Flight Training in a Legend Cub
While early airplanes were equipped with a tailwheel or skid, pilots learned to tame these aircraft using both their hands and feet, i.e. stick and rudder. And the thrill of landing tailwheel aircraft on unimproved fields led pilots to places thought few and far between.
Today, pilots fly tailwheel aircraft with the same, endless sense of adventure. A pilot with a tailwheel endorsement is one who has endured the challenges of flying on unimproved fields and one who truly understands how to tame an airplane.
At American Legend Aircraft Company, we believe the tailwheel pilot to be one who possesses an exceptional set of piloting skills. In the same way pilots in the 40s and 50s learned to fly in Cubs and similar aircraft, today’s pilots are finding the enduring Cub to be among the best training platforms around.
These classic aircraft inspire an acute sense of airmanship that cannot be learned in a contemporary nose-wheel design or taught in a simulation environment. Yet tailwheel skills are the most essential elements of safely and precisely controlling an airplane of any type.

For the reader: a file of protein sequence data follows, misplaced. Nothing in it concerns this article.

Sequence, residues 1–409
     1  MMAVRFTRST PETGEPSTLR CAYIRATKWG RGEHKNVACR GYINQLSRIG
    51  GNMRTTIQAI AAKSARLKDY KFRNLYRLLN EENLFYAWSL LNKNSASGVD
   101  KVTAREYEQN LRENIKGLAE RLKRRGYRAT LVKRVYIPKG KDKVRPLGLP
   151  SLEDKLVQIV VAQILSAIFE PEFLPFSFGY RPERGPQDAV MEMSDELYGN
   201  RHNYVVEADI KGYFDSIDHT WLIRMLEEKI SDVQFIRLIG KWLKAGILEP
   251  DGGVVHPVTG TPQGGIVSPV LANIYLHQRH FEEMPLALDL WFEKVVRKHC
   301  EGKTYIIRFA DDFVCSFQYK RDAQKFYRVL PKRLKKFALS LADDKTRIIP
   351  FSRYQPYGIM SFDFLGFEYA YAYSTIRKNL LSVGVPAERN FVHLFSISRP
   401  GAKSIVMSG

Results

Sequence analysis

Legend Cub pilots are an exceptional group of individuals who possess a set of stick and rudder skills that today remain admired among pilots of all experience levels and from all reaches of the globe.
Where to Train in a Legend Cub
CA – FlyTheWing, www.flythewing.com, Garry Wing
CA – Foothill Aircraft, www.foothillaircraft.com, Curtis Cable
NC – Robert Parker at Harnett Regional Jetport Airport in Erwin, North Carolina
NC – Charles Lewis at South Oaks Aerodrome in Winterville, North Carolina
NH – Hampton Airfield, www.hamptonairfield.com, Mike Hart
TX – Big Q Aviation, www.bigqaviation.com, Carol Walker
TX – Bruce Bohannon at Flyin’ Tiger Field in Angleton (Houston), Texas
TX – Dabney Aviation, LLC, www.masterthetailwheel.com, Aaron Dabney
TX – Four Winds Aviation, www.tail-wheel.com, Dave Honaker
TX – Gideon Jones of Sport Wings Enterprises in LaPorte (Houston), Texas